Going Phoneless

One of my favorite parts of Mo Willems’ Knuffle Bunny is when Trixie goes “boneless” as she realizes (but can’t express to her dad) that she has left her stuffed bunny at the laundromat. That word “boneless” describes EXACTLY what little children do when they have one of those meltdowns (or don’t want to get into the car seat when you are in a crazy rush to get to work).

Well this weekend, I went phoneless. Can you imagine? Living for a day (OK, it was only a half day, but still!) without your cell phone? My daughter had to leave her phone at the Apple store to be repaired. Of course I was completely against her going out for the day without a phone, so I did what mothers do…..I gave her mine! That left me…..phoneless.

It was so strange at first. I kept looking for my phone in my purse to see who might have called or texted or to check Instagram or Facebook. Of course when I realized the phone wasn’t there, I felt pretty ridiculous. It was remarkable how many times I drifted over toward my purse throughout the day. It was like there was some kind of magnet. I didn’t count, but I’m sure it was more than four times in an hour in the beginning of the day.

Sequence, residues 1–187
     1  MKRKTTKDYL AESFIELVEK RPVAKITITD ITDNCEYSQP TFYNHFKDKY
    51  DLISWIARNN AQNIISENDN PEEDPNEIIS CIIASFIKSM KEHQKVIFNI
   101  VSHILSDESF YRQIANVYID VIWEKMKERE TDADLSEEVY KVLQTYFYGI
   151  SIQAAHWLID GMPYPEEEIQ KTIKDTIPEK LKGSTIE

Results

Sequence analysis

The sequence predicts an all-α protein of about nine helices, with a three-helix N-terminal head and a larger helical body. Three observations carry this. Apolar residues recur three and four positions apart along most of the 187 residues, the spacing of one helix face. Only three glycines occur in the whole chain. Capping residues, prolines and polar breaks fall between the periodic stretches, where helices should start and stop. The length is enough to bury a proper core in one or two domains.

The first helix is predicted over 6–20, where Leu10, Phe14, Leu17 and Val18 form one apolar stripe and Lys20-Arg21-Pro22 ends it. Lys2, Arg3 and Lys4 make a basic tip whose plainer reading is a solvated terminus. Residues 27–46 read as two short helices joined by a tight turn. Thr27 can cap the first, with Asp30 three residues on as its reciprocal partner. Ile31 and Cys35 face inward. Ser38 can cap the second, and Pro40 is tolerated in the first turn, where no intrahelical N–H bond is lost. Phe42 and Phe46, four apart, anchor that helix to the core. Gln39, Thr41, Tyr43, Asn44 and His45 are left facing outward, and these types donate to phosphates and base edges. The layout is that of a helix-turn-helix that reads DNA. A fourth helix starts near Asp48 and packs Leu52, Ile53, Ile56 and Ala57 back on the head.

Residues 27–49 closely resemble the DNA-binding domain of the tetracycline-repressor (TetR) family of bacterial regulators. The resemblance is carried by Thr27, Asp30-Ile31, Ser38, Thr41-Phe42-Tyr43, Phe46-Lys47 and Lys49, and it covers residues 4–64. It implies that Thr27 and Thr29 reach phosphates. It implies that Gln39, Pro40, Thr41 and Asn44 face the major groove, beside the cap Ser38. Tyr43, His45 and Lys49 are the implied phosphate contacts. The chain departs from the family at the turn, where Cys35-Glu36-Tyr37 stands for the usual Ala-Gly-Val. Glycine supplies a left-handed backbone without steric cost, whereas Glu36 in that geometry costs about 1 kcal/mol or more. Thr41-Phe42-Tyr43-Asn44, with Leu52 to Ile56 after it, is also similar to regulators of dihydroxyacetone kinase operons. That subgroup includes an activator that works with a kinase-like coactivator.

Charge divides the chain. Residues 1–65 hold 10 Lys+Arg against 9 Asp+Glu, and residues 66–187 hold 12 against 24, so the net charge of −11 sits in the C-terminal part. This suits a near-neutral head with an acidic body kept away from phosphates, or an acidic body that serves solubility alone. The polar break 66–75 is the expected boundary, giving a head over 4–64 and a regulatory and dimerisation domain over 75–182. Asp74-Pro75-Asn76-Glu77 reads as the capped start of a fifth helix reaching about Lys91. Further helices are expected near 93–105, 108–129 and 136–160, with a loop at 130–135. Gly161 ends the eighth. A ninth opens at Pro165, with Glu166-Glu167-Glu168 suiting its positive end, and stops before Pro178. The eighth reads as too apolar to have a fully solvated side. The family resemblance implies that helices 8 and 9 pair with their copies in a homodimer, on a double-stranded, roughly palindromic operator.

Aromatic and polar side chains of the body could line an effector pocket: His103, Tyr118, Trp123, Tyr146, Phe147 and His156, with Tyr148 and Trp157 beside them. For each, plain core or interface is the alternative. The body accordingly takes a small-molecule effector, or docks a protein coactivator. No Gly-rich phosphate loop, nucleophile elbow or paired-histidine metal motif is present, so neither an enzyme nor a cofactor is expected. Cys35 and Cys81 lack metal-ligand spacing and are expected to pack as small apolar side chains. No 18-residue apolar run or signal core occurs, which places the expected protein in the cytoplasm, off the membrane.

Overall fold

Eventually the magnetic pull seemed to weaken a bit. I started to trust that it was OK not to have to check in with the phone. I actually started to kind of enjoy the freedom. We ran errands, visited my dad, came back home, watched some TV, and all without the need for a phone! No Facebook. No Instagram. No text messages or phone calls. Going phoneless wasn’t so bad. It felt like I was tossing everything to the wind and living the kind of free and fearless life I’ve always dreamed of living.

Just like Trixie gets her bunny back, I did eventually have my phone returned. When my daughter came home, I quickly took the phone and checked for messages and calls. There were only two messages. No calls. I was a little disappointed, to tell you the truth, but I also realized that I should probably go phoneless more often.